Text message makes case ‘materially’ worse for Clinton lawyer Michael Sussmann
On a Sunday night just weeks before the 2016 presidential election, top Democratic lawyer Michael Sussmann allegedly texted his old friend, the FBI’s then-general counsel James Baker, to say that he urgently needed to convey “sensitive” information to the Bureau — “not on behalf of a client or company,” but just because he was a good citizen who wanted to help the government.
The information, it turns out, was sculpted to portray Donald Trump, then the Republican nominee for president, as if he were in cahoots with the Kremlin. I say “sculpted” advisedly. In reality, according to the false-statements indictment against him, Sussmann was actually representing two clients: Rodney Joffe, an information technology expert, and the Democratic campaign of Trump’s opponent, Hillary Clinton.
Joffe, to whom the Sussmann indictment refers as “Tech Executive-1” and describes as angling for a job in the anticipated Clinton administration, was then working with a team of IT pros to curate records of internet communications. His objective, according to the indictment, was to project the appearance of a communications back-channel between Trump Tower in New York City and Alfa Bank, an important Russian financial institution with ties to Vladimir Putin’s regime. The Clinton campaign reportedly wanted to depict the allegation as so serious that the FBI was investigating it. Sussmann, the Washington insider who was billing his time on the Trump/Russia matter to the Clinton campaign, was the perfect messenger to get the FBI’s attention.
The existence of the critical text message was revealed on Monday by prosecutor John Durham, the Justice Department special counsel who is investigating the origins of “Russiagate” — as the FBI’s probe of former President Trump’s supposed collusion with Russia is popularly known. Russiagate appears to have been ignited by bogus opposition research manufactured by the Clinton campaign, whose operatives hyped it to media outlets and government officials.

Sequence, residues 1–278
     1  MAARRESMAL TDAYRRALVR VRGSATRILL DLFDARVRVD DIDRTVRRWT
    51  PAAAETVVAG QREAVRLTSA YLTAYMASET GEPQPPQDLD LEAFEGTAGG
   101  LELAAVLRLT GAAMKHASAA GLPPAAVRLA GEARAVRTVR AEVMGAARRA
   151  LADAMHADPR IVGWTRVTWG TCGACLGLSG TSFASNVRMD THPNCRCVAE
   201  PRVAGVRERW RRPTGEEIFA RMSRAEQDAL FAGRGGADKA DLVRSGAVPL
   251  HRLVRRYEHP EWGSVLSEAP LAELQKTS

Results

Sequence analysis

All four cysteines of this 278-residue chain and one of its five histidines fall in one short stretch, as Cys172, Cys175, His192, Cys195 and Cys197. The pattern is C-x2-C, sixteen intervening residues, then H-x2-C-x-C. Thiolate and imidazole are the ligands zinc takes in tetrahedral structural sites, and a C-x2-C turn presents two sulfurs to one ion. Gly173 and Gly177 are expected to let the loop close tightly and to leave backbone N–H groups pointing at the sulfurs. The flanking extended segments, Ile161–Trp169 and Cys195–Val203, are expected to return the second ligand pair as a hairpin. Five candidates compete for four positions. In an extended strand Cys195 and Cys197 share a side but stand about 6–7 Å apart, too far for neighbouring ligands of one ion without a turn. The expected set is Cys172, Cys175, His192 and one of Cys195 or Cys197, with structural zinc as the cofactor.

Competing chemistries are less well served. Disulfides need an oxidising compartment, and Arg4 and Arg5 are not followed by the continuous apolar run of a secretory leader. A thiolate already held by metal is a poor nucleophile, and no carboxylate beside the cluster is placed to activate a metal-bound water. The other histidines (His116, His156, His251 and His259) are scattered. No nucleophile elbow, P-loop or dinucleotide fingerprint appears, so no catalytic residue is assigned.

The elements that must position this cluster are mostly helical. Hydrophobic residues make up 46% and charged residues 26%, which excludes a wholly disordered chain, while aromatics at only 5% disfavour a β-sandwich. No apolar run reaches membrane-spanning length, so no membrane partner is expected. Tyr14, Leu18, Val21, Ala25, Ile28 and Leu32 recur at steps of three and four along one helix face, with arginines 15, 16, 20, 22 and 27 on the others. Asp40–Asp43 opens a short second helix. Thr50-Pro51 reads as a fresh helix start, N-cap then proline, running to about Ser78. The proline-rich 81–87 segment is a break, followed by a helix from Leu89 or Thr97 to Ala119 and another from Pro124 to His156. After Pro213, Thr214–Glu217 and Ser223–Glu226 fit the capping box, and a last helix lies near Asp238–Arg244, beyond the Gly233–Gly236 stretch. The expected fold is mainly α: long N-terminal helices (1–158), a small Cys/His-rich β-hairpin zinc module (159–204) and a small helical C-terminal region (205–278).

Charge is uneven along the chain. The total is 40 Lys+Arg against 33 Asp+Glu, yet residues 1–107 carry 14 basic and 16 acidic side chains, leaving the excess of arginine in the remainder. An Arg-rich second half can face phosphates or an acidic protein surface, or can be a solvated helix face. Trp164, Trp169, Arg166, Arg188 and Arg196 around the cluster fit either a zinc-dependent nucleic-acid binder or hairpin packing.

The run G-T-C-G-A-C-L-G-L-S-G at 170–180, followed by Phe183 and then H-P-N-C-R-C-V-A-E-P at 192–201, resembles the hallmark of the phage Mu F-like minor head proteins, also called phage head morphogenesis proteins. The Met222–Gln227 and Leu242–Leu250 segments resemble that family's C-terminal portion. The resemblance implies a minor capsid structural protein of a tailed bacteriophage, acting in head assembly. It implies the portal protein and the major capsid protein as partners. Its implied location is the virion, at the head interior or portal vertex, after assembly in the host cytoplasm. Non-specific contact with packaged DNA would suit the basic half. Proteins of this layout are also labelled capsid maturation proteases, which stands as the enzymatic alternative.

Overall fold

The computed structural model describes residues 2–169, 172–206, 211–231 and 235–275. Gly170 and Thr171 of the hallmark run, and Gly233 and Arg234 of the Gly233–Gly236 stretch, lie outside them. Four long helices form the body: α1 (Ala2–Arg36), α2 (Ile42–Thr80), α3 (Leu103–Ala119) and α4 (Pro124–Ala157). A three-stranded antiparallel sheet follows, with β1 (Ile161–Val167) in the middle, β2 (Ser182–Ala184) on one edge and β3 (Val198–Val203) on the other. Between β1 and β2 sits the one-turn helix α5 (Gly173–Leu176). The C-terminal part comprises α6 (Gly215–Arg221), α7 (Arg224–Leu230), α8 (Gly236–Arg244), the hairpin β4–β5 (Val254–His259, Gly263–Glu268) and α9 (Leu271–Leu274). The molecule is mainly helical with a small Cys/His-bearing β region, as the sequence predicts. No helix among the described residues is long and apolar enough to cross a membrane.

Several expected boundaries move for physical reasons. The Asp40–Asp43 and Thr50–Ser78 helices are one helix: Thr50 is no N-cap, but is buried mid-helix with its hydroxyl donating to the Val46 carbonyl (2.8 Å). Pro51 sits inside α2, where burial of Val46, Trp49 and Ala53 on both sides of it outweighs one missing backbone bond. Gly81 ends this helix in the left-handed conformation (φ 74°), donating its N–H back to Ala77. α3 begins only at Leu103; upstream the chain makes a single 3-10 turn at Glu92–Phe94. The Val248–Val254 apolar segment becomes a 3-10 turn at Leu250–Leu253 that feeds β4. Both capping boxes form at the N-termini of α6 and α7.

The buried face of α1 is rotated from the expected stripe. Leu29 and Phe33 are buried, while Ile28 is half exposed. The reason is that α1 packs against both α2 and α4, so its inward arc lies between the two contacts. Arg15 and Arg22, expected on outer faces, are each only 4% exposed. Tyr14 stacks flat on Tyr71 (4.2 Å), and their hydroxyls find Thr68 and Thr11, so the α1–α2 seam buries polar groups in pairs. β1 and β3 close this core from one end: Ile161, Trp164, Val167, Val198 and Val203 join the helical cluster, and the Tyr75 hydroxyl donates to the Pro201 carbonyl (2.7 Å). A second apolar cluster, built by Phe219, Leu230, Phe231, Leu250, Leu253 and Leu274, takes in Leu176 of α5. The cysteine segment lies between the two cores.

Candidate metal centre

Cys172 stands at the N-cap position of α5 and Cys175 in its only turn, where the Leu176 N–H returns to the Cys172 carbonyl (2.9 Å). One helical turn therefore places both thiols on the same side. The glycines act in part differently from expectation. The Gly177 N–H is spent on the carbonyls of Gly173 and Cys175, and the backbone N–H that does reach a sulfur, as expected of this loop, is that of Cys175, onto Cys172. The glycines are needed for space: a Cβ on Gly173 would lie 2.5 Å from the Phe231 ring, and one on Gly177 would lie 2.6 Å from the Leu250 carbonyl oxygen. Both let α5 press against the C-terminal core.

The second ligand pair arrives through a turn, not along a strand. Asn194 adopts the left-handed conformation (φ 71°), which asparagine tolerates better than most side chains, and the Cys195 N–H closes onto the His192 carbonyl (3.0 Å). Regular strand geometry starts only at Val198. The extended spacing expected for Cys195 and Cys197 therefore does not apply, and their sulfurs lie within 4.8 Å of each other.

Last September, Durham indicted Sussmann, alleging that he made false statements to investigators. Specifically, Sussmann — who has denied the charge and pleaded not guilty — is alleged to have claimed that he was not acting on behalf of any client when he delivered to the FBI computer data files and an analytical “white paper,” which were said to implicate Trump.
The first observation to make about the startling text message revelation we’re just learning about is that it also must have been unknown to prosecutors until recently. There is no mention in the indictment of Sussmann’s texting Baker on Sept. 18, 2016, to set up the meeting, which occurred at the FBI’s Washington headquarters the following day. That would seem unfathomable if Durham had access to the text when drafting the charges.
According to prosecutors, the text, sent at 7:24 p.m., states: “Jim — it’s Michael Sussmann. I have something time-sensitive (and sensitive) I need to discuss. Do you have availability for a short meeting tomorrow? I’m coming on my own — not on behalf of a client or company — want to help the Bureau. Thanks.”
The text, as Durham framed it in Monday’s court submission, is “the same lie” that Sussmann stands accused of, told “in writing” by Sussmann himself. As such, it is virtually the whole case in a small compass.
Put aside that there are many actions and statements of comparably less importance that the indictment describes in great detail — strongly suggesting that prosecutors would have quoted from this text had it been known to them. As related in the indictment, Sussmann’s lie about who put him up to transmitting the Trump information to the FBI happened at the meeting with Baker. The text message, however, was not only written prior to the meeting but triggered the meeting.
Further, the text message, standing alone, is a statement to the government. Ergo, if the prosecution’s theory is sound, Sussmann would be guilty of making a false statement even if the meeting with Baker had never happened. A statement of such significance, made by the defendant himself, would have been central to the indictment, not omitted from it, if prosecutors had access to it.